The people responsible for organising the entry and transit of migrants and asylum seekers through Belarus must fear new sanctions from the European Union. On Monday (15 November), the EU unanimously agreed a new arsenal of sanctions aimed at those involved. However, the unanimous agreement between all European member states has to be worked out in detail before specific new sanctions come into force.
The sanctions aim to put an end to the practices of the President of Belarus, Aleksandr Lukashenko, who, according to the European ministers of foreign affairs, uses migrants and asylum seekers as a 'hybrid weapon' against the European Union. According to the EU ministers, Lukashenko attracts Iraqis and Syrians, among others, to Belarus and then sends them across the border to EU countries Poland, Lithuania, and Latvia.
The new sanctions can be used against people and organisations who cooperate in the "state-controlled smuggling" of human beings, which has resulted in thousands of migrants and asylum seekers being forced across the European Union's external border and thousands more stranded in the border region.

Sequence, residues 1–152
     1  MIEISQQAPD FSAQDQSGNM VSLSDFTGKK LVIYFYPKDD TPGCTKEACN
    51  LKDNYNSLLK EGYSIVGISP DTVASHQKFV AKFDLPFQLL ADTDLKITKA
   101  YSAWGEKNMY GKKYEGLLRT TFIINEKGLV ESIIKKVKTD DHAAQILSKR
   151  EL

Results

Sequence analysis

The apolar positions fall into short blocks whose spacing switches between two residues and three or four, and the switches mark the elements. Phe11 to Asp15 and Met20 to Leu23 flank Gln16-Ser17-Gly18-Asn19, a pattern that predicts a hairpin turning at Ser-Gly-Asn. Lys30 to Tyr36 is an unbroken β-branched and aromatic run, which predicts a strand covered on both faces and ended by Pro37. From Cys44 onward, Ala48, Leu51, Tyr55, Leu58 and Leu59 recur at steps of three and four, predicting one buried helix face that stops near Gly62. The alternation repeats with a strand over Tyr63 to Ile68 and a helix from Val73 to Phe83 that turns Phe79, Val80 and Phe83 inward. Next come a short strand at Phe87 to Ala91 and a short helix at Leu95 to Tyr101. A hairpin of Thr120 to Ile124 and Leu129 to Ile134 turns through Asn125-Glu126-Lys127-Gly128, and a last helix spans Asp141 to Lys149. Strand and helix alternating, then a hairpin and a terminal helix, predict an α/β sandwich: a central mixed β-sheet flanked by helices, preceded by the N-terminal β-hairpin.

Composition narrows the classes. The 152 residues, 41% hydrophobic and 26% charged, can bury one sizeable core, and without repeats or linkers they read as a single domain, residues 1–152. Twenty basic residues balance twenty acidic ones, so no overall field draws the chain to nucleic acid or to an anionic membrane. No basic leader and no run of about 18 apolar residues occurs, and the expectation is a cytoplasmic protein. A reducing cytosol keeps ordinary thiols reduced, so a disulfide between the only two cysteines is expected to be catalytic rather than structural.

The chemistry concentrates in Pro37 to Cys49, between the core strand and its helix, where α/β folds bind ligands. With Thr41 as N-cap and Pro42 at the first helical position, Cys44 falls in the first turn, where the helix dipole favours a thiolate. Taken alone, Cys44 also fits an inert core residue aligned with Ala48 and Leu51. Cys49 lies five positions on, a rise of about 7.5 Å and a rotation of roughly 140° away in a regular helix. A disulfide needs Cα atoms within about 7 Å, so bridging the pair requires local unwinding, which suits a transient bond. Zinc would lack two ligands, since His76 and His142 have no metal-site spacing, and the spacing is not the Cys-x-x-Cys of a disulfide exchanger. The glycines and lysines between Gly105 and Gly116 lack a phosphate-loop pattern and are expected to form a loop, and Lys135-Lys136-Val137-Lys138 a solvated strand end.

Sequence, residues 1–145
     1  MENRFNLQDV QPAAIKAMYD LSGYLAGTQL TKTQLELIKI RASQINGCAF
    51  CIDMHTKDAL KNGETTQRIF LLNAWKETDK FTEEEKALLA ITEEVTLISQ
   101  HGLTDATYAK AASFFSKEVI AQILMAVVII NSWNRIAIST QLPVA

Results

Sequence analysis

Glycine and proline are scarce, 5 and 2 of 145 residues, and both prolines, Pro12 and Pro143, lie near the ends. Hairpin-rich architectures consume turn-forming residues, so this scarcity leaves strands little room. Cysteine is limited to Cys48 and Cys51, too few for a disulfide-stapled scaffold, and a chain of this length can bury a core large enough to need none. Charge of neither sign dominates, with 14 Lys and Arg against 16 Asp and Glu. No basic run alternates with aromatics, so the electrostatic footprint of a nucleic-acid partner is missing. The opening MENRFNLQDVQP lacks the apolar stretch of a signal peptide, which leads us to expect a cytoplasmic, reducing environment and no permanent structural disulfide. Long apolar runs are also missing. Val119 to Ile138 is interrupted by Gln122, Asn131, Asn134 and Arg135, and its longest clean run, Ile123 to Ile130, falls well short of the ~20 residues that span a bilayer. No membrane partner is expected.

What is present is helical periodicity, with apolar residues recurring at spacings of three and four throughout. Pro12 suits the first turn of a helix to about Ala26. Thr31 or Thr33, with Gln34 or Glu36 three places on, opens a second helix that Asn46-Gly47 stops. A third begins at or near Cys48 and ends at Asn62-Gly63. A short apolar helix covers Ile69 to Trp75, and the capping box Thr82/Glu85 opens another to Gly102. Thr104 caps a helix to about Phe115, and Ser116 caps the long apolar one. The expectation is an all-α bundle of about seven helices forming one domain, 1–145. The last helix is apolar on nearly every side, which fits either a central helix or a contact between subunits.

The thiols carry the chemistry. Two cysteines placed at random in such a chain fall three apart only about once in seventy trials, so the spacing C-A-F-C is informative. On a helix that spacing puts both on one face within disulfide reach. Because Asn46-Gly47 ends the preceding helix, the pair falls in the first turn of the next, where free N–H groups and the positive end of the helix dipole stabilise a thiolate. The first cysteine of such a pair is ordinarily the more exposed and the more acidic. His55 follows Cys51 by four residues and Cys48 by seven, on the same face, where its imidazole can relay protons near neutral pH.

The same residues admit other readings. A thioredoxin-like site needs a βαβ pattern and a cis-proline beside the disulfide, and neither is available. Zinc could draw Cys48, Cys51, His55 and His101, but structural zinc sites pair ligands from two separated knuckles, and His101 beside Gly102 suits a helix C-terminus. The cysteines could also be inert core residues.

Foreign ministers warn that airlines, travel agencies, and others will be targeted if they do not wash their hands of Lukashenko's practices. According to the High Representative of the EU for Foreign Affairs and Security Policy, Josep Borrell, they may bring the new sanctions into play in the coming weeks and have provisionally listed about thirty names of those involved.